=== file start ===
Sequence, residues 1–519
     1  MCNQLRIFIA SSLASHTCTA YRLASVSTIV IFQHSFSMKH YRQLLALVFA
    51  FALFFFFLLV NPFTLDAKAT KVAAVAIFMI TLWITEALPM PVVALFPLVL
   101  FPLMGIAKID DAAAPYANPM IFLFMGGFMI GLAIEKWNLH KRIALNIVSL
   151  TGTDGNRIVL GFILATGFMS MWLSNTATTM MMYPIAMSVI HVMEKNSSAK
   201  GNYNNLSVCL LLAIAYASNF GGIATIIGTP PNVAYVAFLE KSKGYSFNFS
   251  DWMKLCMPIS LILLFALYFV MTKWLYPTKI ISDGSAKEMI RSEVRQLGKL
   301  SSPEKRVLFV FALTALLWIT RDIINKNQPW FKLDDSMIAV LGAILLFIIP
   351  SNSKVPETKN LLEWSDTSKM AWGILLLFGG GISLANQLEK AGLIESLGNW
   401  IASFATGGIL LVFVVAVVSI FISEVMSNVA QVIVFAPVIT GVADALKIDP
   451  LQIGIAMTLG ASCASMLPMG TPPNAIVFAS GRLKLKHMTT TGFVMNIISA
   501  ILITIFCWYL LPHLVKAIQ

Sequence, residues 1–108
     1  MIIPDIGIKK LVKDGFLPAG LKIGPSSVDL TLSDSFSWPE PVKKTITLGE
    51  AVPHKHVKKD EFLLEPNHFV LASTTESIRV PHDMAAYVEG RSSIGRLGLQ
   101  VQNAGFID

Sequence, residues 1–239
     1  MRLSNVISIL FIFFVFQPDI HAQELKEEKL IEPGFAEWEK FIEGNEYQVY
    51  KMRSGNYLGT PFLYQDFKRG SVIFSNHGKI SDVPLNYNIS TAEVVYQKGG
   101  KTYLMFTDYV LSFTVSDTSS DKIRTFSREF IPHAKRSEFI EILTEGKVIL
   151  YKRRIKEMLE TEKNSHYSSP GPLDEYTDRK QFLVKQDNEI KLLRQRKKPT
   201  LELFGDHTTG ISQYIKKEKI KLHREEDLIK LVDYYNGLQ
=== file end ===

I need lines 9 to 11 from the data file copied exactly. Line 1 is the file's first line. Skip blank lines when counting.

   351  SNSKVPETKN LLEWSDTSKM AWGILLLFGG GISLANQLEK AGLIESLGNW
   401  IASFATGGIL LVFVVAVVSI FISEVMSNVA QVIVFAPVIT GVADALKIDP
   451  LQIGIAMTLG ASCASMLPMG TPPNAIVFAS GRLKLKHMTT TGFVMNIISA